However a combination of all the measures currently proposed in the Bill would not just create a “hostile environment” but also lead to more mental health problems and suicides. A failure of successive Governments to tackle the main issue, border controls, has led the present one to attempt to make life as unbearable as possible in the hope of driving them out. It is, in essence, a race to the bottom where, as Alex Massie says, we become a “bitter, paranoid, timorous, small-minded kind of country.”
It is evidently self-defeating to foster a climate where prospective employers do not want to ‘take the chance’ that the candidate may not have permission to work due to confusion surrounding the documents they carry, something that is already becoming a reality according to the Refugee Council.
The effect of May’s plans is also to erode the principle of universal rights where public services are an entitlement for all. The Home Secretary is not just playing divisive politics in creating fear and loathing towards foreigners but she is entrenching the position of around half a million people who are regarded as second class citizens, a slippery slope which, at its’ most extreme, has led to terrible consequences in mainland European history.
While there may be a small degree of abuse the fact remains that the vast majority of migrants do not come to Britain to visit a dentist. They come to work and provide for their families, or to seek refuge from persecution and do not deserve to be scapegoated in this way. There is a real risk of increased homelessness, including of families, and an upsurge in discrimination.
Eleven years ago May warned the Tories they would not win power if they carried the ‘nasty party’ image. Now they are in power it looks as though they are reverting to type. However for Lib Dems, the party to which I belong, we need to wake up and realise how illiberal this Bill really is.
Finger-printing and widespread immigration checks looks impossible to administer without revisiting ID cards, a Labour project Liberals fought very hard against. Under Labour the first group for whom ID cards were to be made compulsory were, after all, immigrants.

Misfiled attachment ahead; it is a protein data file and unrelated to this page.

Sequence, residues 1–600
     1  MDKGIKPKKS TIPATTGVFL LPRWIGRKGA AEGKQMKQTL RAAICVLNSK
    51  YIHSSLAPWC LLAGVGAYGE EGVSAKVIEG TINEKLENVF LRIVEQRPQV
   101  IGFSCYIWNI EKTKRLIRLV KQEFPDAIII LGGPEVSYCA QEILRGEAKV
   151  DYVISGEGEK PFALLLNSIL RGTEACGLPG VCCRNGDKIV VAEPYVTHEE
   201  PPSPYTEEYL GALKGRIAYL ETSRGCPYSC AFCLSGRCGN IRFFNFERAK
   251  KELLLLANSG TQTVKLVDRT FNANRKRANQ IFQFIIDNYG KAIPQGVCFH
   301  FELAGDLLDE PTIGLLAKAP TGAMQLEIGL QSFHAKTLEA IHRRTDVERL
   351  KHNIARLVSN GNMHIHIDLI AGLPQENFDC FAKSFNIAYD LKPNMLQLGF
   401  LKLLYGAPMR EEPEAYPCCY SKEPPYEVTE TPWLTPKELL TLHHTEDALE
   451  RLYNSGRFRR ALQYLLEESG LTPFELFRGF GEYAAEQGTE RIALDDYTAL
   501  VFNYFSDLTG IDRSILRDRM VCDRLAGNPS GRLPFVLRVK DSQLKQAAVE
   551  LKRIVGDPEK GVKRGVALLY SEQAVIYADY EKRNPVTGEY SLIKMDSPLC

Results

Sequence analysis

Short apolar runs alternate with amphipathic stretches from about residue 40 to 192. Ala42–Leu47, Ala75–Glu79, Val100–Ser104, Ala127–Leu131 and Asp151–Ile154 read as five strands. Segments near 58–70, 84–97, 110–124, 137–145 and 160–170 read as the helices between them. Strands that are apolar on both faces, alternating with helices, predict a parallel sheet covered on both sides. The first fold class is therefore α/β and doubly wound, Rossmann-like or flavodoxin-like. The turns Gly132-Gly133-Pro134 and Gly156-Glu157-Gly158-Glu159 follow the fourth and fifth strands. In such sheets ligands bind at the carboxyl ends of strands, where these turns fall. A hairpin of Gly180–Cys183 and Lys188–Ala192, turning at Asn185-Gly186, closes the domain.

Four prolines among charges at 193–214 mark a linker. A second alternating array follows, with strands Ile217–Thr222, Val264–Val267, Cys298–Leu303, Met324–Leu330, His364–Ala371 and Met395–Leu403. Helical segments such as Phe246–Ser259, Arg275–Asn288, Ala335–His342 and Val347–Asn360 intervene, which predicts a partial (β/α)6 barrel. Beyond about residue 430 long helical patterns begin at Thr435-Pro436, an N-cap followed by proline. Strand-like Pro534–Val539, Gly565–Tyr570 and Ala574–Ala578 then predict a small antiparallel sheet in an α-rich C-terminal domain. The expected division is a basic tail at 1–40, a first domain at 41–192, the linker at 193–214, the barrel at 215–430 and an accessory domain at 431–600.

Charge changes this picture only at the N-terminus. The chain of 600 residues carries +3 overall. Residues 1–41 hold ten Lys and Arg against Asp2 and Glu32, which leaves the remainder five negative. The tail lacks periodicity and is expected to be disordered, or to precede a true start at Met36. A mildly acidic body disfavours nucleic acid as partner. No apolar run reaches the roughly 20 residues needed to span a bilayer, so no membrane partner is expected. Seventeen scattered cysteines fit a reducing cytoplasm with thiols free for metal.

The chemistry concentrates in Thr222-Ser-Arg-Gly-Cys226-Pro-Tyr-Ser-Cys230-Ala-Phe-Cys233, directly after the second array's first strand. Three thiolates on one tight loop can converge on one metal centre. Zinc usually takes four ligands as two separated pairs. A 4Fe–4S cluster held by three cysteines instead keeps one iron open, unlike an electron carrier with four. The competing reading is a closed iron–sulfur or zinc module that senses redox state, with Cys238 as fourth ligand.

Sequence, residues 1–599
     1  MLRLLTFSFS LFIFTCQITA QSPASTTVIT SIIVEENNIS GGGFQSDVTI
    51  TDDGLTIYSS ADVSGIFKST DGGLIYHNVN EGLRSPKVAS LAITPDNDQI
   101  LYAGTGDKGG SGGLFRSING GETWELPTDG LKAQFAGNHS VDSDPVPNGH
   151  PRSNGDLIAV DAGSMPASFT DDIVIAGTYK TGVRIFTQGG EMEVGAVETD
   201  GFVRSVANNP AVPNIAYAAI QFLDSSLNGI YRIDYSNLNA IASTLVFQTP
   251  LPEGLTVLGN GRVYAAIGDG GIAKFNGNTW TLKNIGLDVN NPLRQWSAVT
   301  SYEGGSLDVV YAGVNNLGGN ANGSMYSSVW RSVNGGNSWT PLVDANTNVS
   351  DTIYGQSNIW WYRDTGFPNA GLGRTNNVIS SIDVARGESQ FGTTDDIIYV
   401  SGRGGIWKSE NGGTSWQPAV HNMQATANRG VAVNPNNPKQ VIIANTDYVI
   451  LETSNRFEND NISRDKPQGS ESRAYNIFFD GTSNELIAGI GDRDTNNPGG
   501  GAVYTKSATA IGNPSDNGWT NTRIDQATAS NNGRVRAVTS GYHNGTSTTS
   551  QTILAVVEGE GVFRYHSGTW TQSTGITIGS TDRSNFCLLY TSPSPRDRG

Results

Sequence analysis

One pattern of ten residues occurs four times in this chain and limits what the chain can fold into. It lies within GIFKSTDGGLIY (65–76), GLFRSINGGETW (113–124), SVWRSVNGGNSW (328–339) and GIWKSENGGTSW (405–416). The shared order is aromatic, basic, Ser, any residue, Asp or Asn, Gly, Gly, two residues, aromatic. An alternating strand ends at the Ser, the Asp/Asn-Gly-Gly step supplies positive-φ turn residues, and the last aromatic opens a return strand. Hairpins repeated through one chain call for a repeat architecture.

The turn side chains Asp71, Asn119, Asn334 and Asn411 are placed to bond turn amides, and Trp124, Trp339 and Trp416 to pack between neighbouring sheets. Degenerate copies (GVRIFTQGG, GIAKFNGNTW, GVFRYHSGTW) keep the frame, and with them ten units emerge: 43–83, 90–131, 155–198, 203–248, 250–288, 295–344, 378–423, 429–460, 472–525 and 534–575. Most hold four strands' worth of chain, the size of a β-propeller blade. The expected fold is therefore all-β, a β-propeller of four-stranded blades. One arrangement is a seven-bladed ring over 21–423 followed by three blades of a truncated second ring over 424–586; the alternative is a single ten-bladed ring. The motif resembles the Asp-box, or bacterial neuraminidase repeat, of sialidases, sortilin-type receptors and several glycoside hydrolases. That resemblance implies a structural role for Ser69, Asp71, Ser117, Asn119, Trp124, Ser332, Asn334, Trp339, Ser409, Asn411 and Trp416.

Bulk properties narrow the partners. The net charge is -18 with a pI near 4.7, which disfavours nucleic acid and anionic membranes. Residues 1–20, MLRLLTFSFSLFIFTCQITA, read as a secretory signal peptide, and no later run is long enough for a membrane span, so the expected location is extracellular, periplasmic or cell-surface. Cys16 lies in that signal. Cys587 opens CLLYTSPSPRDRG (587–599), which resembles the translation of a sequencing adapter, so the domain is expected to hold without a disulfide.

The Bill also fundamentally undermines Article 8 of European Convention of Human Rights and instructs the judiciary to “have regard for parliament’s view of public interest in immigration cases” rather than an independent legal view. It is a proposal that drives a dagger into EU human rights protection and all because May dislikes the extent that applicants win appeals, chiefly as a result of poor decision making by her department in the first place.
May also seeks to weaken the right to family life, which would cause more settled families to be split up unless they can prove a “substantial connection” to Britain, yet there is nothing in her Bill about regularising the status of children of migrants who are in no way responsible for their circumstances.
And the ‘deport first, appeal later’ clause might exorcise the memory of Abu Qatada but at the cost of much human suffering.
The Bill also opens the way for ordinary British citizens, especially those of colour, to be routinely asked for documentation to prove they are not immigrants or asylum seekers.
The Immigration Law Practitioners’ Association have said:
“What this means in practice is a system of identity checks for all, since it is necessary for British citizens or people with permanent residence to prove that they are lawfully present in the UK if and when checked. British citizens, European economic area nationals and third country nationals alike would be required to produce identity documents at many turns in a scheme that would be intrusive, bullying, ineffective and expensive and likely racist and unlawful to boot.”
ID checks – or even ID cards by the back door – and profiling and discrimination of British citizens are not what the Lib Dems signed up for in the coalition agreement.
There was no mention of an Immigration Bill in the agreement or the half-term review and, with the party still in the midst of an internal consultation on our own policies, it makes no sense to vote for such an illiberal piece of Tory legislation that may well be diametrically opposed to the policy Lib Dem members eventually end up agreeing.
Whatever the involvement of Tory backroom strategist Lynton Crosby, Britain must not replicate Australia’s hostility to immigrants or turn into an Italy. That the Bill was released one week after the Lampedusa disaster should give us pause for reflection. Making the lives of non-EU migrants and refugees as unpleasant as possible in a bid to sate public anxiety about EU migration is as vindictive as it is unnecessary.
Several Democratic House of Representatives were recently arrested during a sit-in in protest at an Immigration Bill going through the American legislature at the moment. The extent of public protest Stateside shows that the American people refuse to stand by while rights are taken away from one section of their society. We in Britain should follow their example and say “no, this Bill shall not pass.”
By Lester Holloway @brolezholloway